RNZI reports in 31 matches and 111 years the Welsh rugby team have won only three times - most recently in 1953.
They gave it a good effort in the first half last week at Eden Park, but still ended up getting thrashed 39-21.
Amazingly, it is the first time the two sides have met in the capital, but as for their chances, even the team's coach Warren Gatland is staying cautious.
"Despite people saying we're going to kick anything and try to stifle the All Blacks, we're going to come out and play some rugby - to compete against the best teams, you've got to be positive," he said.
Wellington mayor Celia Wade-Brown helped welcome the team with a pōwhiri at Pipitea Marae on Wednesday, and said the city was buzzing.
"I'm certainly going to be down there on Saturday, it's going to be packed and an electric atmosphere," she said.
"For some of the team it was the first time they've been to New Zealand and they were just so happy to be here, they thought it was a beautiful place and very welcoming ... we just didn't talk about last week's score.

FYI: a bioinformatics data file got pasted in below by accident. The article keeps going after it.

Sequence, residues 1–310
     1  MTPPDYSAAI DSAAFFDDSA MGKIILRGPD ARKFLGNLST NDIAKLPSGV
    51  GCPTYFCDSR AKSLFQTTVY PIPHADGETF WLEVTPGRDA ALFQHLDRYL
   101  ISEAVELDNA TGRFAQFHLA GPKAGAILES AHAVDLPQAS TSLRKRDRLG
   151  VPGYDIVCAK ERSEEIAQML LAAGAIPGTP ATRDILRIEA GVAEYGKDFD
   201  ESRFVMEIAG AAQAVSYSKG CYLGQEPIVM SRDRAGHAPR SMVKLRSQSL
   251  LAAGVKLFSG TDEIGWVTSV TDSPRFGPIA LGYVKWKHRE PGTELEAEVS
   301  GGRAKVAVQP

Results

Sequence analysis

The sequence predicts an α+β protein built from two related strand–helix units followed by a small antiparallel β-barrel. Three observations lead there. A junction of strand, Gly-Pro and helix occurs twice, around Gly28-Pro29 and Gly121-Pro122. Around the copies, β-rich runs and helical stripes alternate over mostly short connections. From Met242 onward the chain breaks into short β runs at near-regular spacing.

"Head and heart say New Zealand will win."
Welsh fans Elaine Barker, Andron Abdul, and Robert Barker are on a three-week tour of New Zealand.
"We always have a chance, Wales are a very inconsistent team at times and we need to perform longer than 60 minutes," said Mr Abdul.
With a bit of luck and good refereeing decisions, you've always got to be confident Wales can win, despite history not being on our side."
The trio are from the Rhondda Valley and were visiting Auckland, Hamilton, Wellington, Christchurch and Dunedin.
"We heard about the wind here in Wellington but we get lots of wind where we come from anyway," Ms Barker said.
"I'll be at the match shouting 'Wales, Wales, Wales', so God help anyone who is sitting in front of me."
Mr Barker said his heart was telling him his team would win, but his head was shouting 'All Blacks'.
"You've got to be optimistic and ready for the All Blacks to have a bad day at the office."
The Welsh Dragon Bar bills itself as the only Welsh bar in the Southern Hemisphere.
It is co-owned by Joanna Howard, who has lived in New Zealand for 28 years.
"We've got the passion that the Kiwis haven't got and that's what gets us through. If we were going to do it, it would have been last Saturday - but there's still hope," she said.